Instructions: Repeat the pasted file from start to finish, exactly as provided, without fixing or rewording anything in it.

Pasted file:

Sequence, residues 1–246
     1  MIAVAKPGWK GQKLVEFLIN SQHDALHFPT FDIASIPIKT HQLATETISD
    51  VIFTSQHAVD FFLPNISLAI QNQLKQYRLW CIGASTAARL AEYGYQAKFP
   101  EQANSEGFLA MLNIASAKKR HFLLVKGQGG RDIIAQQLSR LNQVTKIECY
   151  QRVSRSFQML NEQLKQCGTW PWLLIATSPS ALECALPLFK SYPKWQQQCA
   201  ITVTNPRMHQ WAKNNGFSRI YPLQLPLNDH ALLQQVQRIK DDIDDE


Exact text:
Sequence, residues 1–246
     1  MIAVAKPGWK GQKLVEFLIN SQHDALHFPT FDIASIPIKT HQLATETISD
    51  VIFTSQHAVD FFLPNISLAI QNQLKQYRLW CIGASTAARL AEYGYQAKFP
   101  EQANSEGFLA MLNIASAKKR HFLLVKGQGG RDIIAQQLSR LNQVTKIECY
   151  QRVSRSFQML NEQLKQCGTW PWLLIATSPS ALECALPLFK SYPKWQQQCA
   201  ITVTNPRMHQ WAKNNGFSRI YPLQLPLNDH ALLQQVQRIK DDIDDE